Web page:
Nayirah Muhammad presents a commentary on the 2018 film Mary, Queen of Scots, homing in on issues of race and representation in Western society.
After watching Mary, Queen of Scots hit theaters this past December, I was pleasantly surprised how this film managed to stick to historical facts for the most part, as well as mix it with their own dramatic spins to make it more compelling, and my personal favorite: incorporated more people of color (POC) into the cast. However, when it comes to historical fiction and period dramas in today’s pop culture, I came across what you always see on social media and fan sites: a ravenous slew of racism and questions about PC-casting and social justice warriors (SJW).
Why is it that when today’s media wants to include POC into their historically based projects that the racist and ignorant always want to cry that history is being ruined? It’s like these people think every black, Asian, Hispanic, Latino, etc. person in the world didn’t start mixing in with their precious “lily-white” flowers until recently. Or even worse, POC didn’t exist at all in the Medieval and Dark Ages. It’s not only irritating and disheartening to see this level of ignorance still happening in 2018, but it is also curious as to why these people believe that. What makes them so sure no black men like Mary, Queen of Scots‘ Adrian Lester’s character could have existed and taken up official positions in the Elizabethan era?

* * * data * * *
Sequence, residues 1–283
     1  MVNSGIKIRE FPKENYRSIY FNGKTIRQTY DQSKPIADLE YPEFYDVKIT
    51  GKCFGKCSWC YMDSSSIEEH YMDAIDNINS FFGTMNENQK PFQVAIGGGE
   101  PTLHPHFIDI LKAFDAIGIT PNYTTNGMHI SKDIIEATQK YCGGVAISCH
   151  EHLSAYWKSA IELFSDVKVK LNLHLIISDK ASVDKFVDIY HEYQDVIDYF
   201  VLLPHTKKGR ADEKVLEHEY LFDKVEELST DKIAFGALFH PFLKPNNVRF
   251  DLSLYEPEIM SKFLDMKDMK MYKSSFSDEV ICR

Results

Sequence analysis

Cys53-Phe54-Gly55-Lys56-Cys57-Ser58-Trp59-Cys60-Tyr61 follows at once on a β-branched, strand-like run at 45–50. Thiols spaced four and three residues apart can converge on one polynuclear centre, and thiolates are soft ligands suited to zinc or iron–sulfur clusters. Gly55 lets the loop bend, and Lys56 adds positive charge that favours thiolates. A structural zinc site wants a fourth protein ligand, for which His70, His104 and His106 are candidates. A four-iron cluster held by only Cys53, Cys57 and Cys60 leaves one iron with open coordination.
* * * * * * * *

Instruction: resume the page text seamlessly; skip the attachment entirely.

Well, I would say it mostly has to do with much of our history books being conveniently light and ambiguous with mentioning the appearance of POC in royal European courts. It would hurt the ignorant population’s sense of security if they knew it might’ve been possible that some Asian women may have been courtiers to the great Queen Elizabeth I or that there might have been black men of consequence within the Elizabethan court.
This issue is not just rampant in movies like Mary, Queen of Scots, but also in small-screen shows as well. For example, I recently came across a slew of hateful YouTube comments about the BBC series Troy: Fall of a City, where the legendary and heroic character of Greek lore, Achilles, was portrayed by a black actor: David Gyasi. It’s no secret that in the 2004 film Troy, Achilles was portrayed by Brad Pitt, a man with blonde hair, blue eyes, the whole shebang. Comments were, again, more focused on the inclusion of black actors in a legendary setting that, keep in mind, is based on legend—meaning it may have not even happened—more than the writing or cinematography or performance.
It is staggering how the inclusion of POC in period dramas and historical fiction movies can make a group of people so unreasonable in today’s society. You would almost think there has been no progression anywhere. My dearest hope is that the inclusion of POC in these genre-films and series do not cease as time goes by because at the end of the day not all history can be taken at face value. It is, after all, written by the victors.